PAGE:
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Hop on down to your nearest EGG dealer this week to pick up some Easter EGGcessories! Here are a few that may be useful for Easter, the V-rack, electric charcoal lighter and flexible skewers! Now that Spring is in the air, it's time to think about getting out to one of the many #EGGfests around the country - see a list here

Wok or not

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Comments

  • dweebs0rdweebs0r Posts: 463
    muttin said:
    so on my large BGE what size WOK do i get ?
    I would like to know this also.  Looking to purchase a wok for a large BGE.
    -Jody Newell (LBGE, Mini "soon")
    Location:  Munford, TN  Homepage:  Shadow photo shadow.gif
  • Richard FlRichard Fl Posts: 7,476
    edited November 2012

    I use both a 14 and 16" with "D" handles.  Sometimes I like to steam with a bamboo steamer and the metal handles allow me to close the BGE top.  Also you need gloves to get your wok in and out. 

    My preferred wok is a 14" flat bottom with a long wood handle.  The short wood handle opposite the long one has been cut of.  Since I wok with the top up after the initial heating on the wok the handle allows me greater control of the cook. Since it is flat, i can set it on the grill or in my spider legs up or down depending on meal.  Also it will sit on a flat stove top or a gas burner with equal ease.  If you use a round bottom one, nothing wrong, you either need a spider or wok ring.

     

    Here are some ramblings about woks.

     

    http://www.greeneggers.com/index.php?option=com_simpleboard&func=view&id=1240033&catid=1

  • Most of us agree that a 16" carbon steel wok is the appropriate size for the Large BGE.  As you get more experienced, you will want a hotter fire, and the 14" will allow too much space between the wok and the side of the Egg, therefore allowing super hot flames to come up and burn you.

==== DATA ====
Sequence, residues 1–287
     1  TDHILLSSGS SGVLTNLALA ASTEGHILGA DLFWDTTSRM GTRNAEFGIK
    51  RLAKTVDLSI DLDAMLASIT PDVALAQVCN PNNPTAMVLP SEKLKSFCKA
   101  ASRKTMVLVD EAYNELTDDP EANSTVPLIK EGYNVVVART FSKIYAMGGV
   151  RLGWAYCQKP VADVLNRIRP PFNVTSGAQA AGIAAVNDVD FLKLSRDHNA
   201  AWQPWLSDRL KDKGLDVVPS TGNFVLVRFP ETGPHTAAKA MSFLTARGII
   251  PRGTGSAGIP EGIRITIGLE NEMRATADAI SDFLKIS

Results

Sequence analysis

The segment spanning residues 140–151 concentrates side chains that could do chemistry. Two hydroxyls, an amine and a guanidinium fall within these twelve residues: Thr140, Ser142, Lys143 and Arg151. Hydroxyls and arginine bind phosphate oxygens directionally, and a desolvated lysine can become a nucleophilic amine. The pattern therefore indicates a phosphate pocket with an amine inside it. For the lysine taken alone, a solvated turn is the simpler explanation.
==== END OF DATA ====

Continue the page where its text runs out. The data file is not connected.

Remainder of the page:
I prefer the D rings.  I don't flip my stir frys like pancakes, and the wood handle only gets in the way.  I have both and only use my D rings.  I find the round bottom to be preferencial because the ease of sliding the chuan (spatula).  A flat bottom works OK, but if you have a spider or ring, I don't see the need for it.  There is also something to be said for "tradition".
    __________________________________________

    Dripping Springs, Texas.
    Gateway to the Hill Country

  • jfm0830jfm0830 Posts: 819
    edited November 2012
    Well whoever the heck that VI guy is, I followed his advice to me on one of griffins wok posts. I have picked up the two books he mentioned and I am making my way through them. My spider arrived this afternoon and I am waiting for my new wok to get here. Can't wait to get started. 

    So VI: Thanks for helping me and thanks for the great post above.

    Jim
    BBQ Website: grillin' & smokin'

    Middlesex County, MA
    Two Large BGE's & Too Many Eggcessories to Count
  • Thanks for your comments, Jim.  As with everything in life, nothing is absolute.  You will find differing opinions, and they will be valid.  Only after your own experimentation will you find what is right for you.

    A word on sauces.  Several posts lately have stated that they made up sauces as they cooked the meal.  That is great, and I'm sure the resultant dish was scrumptious.

    However, I have found that on most dishes, there are nuances, some subtle, some not, that make a dish unique.  I trust the sauce recipes that the ancients have perfected over 3,000 years.  So, I try to stay within the confines of the traditional sauce recipes and I have been very pleased with them.  I never buy pre-made sauces in a bottle, and I make them myself, but I always use an old, proven recipe.